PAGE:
1 SAMUEL 1:4-20  On the day when Elkanah sacrificed, he would give portions to his wife Peninnah and to all her sons and daughters; but to Hannah he gave a double portion, because he loved her, though the Lord had closed her womb. Her rival used to provoke her severely, to irritate her, because the Lord had closed her womb. So it went on year by year; as often as she went up to the house of the Lord, she used to provoke her. Therefore Hannah wept and would not eat. Her husband Elkanah said to her, “Hannah, why do you weep? Why do you not eat? Why is your heart sad? Am I not more to you than ten sons?” After they had eaten and drunk at Shiloh, Hannah rose and presented herself before the Lord. Now Eli the priest was sitting on the seat beside the doorpost of the temple of the Lord. She was deeply distressed and prayed to the Lord, and wept bitterly. She made this vow: “O Lord of hosts, if only you will look on the misery of your servant, and remember me, and not forget your servant, but will give to your servant a male child, then I will set him before you as a nazirite until the day of his death. He shall drink neither wine nor intoxicants, and no razor shall touch his head.” As she continued praying before the Lord, Eli observed her mouth. Hannah was praying silently; only her lips moved, but her voice was not heard; therefore Eli thought she was drunk. So Eli said to her, “How long will you make a drunken spectacle of yourself? Put away your wine.” But Hannah answered, “No, my lord, I am a woman deeply troubled; I have drunk neither wine nor strong drink, but I have been pouring out my soul before the Lord. Do not regard your servant as a worthless woman, for I have been speaking out of my great anxiety and vexation all this time.” Then Eli answered, “Go in peace; the God of Israel grant the petition you have made to him.” And she said, “Let your servant find favour in your sight.” Then the woman went to her quarters, ate and drank with her husband, and her countenance was sad no longer. They rose early in the morning and worshipped before the Lord; then they went back to their house at Ramah. Elkanah knew his wife Hannah, and the Lord remembered her. In due time Hannah conceived and bore a son. She named him Samuel, for she said, “I have asked him of the Lord.” 

This is a difficult reading for those who have struggled with infertility. It seems to suggest that if you follow Hannah’s example and simply pray hard enough God will provide and your prayers will be answered. But we know it doesn’t work that way. God is not a heavenly wish-dispenser. What Hannah prayed for she was also prepared to sacrifice for. What sacrificing might we be asked to make for those things we pray for?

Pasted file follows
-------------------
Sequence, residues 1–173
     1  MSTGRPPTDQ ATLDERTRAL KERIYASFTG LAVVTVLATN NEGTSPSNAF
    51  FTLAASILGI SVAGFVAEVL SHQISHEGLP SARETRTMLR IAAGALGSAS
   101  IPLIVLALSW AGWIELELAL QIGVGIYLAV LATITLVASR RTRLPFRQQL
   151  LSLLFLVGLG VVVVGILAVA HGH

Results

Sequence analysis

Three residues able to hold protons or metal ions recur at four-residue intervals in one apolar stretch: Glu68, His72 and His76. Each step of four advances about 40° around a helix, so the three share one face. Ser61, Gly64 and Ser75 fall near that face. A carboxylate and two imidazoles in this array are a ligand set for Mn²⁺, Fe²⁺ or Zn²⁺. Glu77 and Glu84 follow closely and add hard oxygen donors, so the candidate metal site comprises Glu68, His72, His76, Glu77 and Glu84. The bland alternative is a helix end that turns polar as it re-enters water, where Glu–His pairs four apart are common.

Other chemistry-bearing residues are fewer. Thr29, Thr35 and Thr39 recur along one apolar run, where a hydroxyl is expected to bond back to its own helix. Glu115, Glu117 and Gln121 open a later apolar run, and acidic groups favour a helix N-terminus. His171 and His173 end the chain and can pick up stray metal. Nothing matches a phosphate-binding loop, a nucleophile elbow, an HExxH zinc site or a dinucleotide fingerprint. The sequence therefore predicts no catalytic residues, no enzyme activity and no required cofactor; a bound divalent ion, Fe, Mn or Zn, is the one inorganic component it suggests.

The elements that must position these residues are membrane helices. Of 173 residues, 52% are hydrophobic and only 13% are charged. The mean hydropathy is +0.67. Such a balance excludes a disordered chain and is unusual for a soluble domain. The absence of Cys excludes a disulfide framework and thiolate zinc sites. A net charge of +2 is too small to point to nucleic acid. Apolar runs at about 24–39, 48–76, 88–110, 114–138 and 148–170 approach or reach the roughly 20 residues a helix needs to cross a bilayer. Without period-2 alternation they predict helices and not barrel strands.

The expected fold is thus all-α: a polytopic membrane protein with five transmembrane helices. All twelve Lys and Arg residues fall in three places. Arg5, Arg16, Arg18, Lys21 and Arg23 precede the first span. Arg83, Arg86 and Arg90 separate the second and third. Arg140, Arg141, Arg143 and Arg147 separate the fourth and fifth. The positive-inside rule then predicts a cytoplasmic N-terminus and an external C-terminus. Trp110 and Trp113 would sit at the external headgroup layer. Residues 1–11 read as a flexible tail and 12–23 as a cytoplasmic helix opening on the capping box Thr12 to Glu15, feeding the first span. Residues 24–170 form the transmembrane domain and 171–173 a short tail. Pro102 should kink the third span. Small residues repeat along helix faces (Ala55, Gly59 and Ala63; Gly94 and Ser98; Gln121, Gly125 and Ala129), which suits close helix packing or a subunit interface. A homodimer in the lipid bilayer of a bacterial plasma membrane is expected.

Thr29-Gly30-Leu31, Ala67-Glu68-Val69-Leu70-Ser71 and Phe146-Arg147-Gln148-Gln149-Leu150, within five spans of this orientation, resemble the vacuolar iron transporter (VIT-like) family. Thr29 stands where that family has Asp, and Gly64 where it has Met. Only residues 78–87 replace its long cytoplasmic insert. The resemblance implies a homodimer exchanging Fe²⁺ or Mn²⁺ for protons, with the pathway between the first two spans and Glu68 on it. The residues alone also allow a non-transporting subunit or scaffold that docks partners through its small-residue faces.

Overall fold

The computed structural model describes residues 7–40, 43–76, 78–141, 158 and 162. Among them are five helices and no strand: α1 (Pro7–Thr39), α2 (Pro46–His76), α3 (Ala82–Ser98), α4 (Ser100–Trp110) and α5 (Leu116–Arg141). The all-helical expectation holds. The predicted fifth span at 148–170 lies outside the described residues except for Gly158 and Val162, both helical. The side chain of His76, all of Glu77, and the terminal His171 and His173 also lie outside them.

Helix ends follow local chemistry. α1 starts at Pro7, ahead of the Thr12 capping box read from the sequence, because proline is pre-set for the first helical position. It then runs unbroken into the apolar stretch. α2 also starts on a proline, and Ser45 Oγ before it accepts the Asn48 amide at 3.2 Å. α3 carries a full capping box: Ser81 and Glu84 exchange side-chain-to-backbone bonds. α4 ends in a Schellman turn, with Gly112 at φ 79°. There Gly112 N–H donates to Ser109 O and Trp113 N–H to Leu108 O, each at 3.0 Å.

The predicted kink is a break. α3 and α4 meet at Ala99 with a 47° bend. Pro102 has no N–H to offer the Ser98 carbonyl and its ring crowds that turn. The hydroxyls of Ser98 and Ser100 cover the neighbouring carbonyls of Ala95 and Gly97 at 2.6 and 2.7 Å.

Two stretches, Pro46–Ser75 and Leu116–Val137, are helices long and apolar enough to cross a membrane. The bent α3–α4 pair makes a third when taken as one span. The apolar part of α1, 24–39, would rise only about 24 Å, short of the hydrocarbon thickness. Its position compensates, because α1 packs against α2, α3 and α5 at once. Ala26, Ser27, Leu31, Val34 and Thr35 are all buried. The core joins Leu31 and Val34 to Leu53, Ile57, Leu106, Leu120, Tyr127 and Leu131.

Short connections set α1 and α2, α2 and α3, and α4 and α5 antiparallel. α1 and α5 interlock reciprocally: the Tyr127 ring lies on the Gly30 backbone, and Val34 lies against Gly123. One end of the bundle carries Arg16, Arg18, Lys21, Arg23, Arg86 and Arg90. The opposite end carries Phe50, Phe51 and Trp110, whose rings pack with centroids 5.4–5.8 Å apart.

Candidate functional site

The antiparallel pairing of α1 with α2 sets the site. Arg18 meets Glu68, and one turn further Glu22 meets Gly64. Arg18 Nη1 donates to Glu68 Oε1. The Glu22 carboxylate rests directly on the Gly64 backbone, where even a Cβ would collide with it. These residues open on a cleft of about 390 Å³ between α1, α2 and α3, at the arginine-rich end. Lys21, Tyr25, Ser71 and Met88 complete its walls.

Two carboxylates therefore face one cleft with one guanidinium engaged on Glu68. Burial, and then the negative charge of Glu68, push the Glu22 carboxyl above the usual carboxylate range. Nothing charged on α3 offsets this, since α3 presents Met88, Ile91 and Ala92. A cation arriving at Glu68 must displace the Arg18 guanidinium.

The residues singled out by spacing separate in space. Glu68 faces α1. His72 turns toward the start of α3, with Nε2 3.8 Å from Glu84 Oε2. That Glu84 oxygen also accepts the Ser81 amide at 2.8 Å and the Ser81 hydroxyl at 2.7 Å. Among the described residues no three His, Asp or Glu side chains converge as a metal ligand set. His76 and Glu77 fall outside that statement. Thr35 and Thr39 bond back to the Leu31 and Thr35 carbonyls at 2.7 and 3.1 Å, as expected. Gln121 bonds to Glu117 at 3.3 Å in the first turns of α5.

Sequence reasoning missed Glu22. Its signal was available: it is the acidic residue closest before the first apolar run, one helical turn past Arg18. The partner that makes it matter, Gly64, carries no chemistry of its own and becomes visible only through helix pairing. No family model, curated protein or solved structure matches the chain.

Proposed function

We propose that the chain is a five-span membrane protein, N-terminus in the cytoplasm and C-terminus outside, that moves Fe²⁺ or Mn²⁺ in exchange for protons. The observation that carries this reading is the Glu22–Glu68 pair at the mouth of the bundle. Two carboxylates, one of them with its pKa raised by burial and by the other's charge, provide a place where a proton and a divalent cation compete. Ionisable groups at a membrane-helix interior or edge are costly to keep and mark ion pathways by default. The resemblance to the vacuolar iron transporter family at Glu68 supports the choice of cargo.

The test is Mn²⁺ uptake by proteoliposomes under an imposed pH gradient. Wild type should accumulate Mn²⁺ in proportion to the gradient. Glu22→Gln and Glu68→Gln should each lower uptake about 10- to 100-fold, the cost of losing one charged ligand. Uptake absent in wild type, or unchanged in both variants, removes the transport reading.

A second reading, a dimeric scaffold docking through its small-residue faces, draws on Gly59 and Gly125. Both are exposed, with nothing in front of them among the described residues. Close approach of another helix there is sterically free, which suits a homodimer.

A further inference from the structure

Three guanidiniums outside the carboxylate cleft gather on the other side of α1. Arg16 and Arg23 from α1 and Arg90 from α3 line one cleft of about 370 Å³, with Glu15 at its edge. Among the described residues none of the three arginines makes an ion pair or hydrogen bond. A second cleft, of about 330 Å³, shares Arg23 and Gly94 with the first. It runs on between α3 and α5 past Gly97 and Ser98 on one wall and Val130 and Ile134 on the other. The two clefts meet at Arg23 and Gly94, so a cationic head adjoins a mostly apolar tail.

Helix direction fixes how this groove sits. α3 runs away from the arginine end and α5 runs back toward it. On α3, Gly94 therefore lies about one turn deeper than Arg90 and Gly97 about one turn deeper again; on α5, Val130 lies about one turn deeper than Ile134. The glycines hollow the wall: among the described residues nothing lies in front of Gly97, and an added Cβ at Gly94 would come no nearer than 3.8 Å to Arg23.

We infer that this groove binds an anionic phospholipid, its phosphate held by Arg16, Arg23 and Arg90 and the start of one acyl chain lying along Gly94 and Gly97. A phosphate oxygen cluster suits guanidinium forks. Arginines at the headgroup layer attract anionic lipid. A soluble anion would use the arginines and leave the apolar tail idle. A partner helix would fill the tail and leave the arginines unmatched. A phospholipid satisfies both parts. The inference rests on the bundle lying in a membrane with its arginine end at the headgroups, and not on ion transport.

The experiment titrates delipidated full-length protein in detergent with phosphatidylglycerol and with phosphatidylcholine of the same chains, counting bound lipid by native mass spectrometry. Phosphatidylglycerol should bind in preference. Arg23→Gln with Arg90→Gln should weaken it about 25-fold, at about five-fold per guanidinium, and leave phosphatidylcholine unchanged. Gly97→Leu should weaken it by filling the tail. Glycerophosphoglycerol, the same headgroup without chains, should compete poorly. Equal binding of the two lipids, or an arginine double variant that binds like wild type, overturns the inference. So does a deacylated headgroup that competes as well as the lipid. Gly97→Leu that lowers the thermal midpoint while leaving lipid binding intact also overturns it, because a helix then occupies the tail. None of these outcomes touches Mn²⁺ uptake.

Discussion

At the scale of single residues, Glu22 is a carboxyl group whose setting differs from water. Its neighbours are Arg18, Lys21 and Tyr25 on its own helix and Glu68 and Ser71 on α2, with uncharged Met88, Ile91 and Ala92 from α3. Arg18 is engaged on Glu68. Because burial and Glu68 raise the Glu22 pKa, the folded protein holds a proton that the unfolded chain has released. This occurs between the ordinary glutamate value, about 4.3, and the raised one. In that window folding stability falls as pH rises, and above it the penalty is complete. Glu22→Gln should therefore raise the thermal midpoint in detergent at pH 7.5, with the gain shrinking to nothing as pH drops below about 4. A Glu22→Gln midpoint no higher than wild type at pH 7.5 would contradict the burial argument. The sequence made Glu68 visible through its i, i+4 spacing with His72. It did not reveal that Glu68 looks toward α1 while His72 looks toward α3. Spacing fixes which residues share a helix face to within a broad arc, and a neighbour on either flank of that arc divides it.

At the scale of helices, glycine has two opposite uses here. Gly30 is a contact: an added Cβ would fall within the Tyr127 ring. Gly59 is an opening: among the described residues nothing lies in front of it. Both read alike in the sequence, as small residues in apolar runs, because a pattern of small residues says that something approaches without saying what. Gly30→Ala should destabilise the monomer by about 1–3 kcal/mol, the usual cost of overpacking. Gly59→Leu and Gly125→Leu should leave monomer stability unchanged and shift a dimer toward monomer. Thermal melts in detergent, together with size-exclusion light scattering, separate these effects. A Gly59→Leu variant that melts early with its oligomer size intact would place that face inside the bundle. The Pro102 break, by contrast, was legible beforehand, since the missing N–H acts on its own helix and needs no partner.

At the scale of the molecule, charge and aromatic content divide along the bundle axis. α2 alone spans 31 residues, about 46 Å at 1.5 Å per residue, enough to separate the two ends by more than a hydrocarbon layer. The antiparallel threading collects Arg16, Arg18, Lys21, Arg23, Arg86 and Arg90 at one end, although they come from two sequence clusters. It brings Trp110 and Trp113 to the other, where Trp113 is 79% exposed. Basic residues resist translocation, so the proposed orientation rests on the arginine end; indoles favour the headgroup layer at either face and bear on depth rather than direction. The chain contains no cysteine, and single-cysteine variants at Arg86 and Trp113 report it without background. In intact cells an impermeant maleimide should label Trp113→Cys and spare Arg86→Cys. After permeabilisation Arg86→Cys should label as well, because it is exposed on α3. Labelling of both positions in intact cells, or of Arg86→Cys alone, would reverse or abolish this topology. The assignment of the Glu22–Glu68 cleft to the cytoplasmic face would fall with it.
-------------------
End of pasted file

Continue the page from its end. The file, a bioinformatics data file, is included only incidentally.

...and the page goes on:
HEBREWS 10:11-14 (15-18), 19-25 And every priest stands day after day at his service, offering again and again the same sacrifices that can never take away sins. But when Christ had offered for all time a single sacrifice for sins, “he sat down at the right hand of God,” and since then has been waiting “until his enemies would be made a footstool for his feet.” For by a single offering he has perfected for all time those who are sanctified. Therefore, my friends, since we have confidence to enter the sanctuary by the blood of Jesus, by the new and living way that he opened for us through the curtain (that is, through his flesh), and since we have a great priest over the house of God, let us approach with a true heart in full assurance of faith, with our hearts sprinkled clean from an evil conscience and our bodies washed with pure water. Let us hold fast to the confession of our hope without wavering, for he who has promised is faithful. And let us consider how to provoke one another to love and good deeds, not neglecting to meet together, as is the habit of some, but encouraging one another, and all the more as you see the Day approaching.

Glad this is the last time we read from Hebrews. The writer focuses “again and again” on Jesus’ being the perfect sacrifice whose death covers humanity’s sins forever. However, the last few verses are lovely and profound: “Provoke one another to love and good deeds, not neglecting to meet together.” What does it mean to “provoke” one another to love? (I wonder if this is rabbinical exaggeration? The Greek word means irritate.)We know well how to provoke one another to anger. We see this all around us, particularly in the current political discourse. It is a weapon used to undermine. To provoke to love would mean to create situations of trust that bring the best out in people.

In my prayer time I reflect: What makes me more loving? How can I prompt others to be more loving?